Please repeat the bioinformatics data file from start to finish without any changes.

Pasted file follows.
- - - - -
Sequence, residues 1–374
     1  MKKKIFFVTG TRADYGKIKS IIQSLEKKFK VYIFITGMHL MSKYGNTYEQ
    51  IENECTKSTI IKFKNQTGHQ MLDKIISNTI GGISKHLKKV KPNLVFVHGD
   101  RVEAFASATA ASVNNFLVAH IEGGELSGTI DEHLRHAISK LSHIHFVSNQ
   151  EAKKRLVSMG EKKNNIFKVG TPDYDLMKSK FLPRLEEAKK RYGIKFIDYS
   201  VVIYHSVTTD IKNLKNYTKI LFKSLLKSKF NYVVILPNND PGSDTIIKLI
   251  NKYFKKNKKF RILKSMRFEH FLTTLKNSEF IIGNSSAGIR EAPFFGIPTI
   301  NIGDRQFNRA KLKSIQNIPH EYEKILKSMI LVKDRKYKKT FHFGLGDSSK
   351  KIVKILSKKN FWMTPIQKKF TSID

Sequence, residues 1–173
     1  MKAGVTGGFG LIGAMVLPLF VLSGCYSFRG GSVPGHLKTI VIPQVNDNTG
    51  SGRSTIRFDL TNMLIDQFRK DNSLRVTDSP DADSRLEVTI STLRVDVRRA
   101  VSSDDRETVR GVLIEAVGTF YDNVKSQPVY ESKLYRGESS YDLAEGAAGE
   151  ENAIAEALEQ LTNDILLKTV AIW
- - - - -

Sequence, residues 1–374
     1  MKKKIFFVTG TRADYGKIKS IIQSLEKKFK VYIFITGMHL MSKYGNTYEQ
    51  IENECTKSTI IKFKNQTGHQ MLDKIISNTI GGISKHLKKV KPNLVFVHGD
   101  RVEAFASATA ASVNNFLVAH IEGGELSGTI DEHLRHAISK LSHIHFVSNQ
   151  EAKKRLVSMG EKKNNIFKVG TPDYDLMKSK FLPRLEEAKK RYGIKFIDYS
   201  VVIYHSVTTD IKNLKNYTKI LFKSLLKSKF NYVVILPNND PGSDTIIKLI
   251  NKYFKKNKKF RILKSMRFEH FLTTLKNSEF IIGNSSAGIR EAPFFGIPTI
   301  NIGDRQFNRA KLKSIQNIPH EYEKILKSMI LVKDRKYKKT FHFGLGDSSK
   351  KIVKILSKKN FWMTPIQKKF TSID

Sequence, residues 1–173
     1  MKAGVTGGFG LIGAMVLPLF VLSGCYSFRG GSVPGHLKTI VIPQVNDNTG
    51  SGRSTIRFDL TNMLIDQFRK DNSLRVTDSP DADSRLEVTI STLRVDVRRA
   101  VSSDDRETVR GVLIEAVGTF YDNVKSQPVY ESKLYRGESS YDLAEGAAGE
   151  ENAIAEALEQ LTNDILLKTV AIW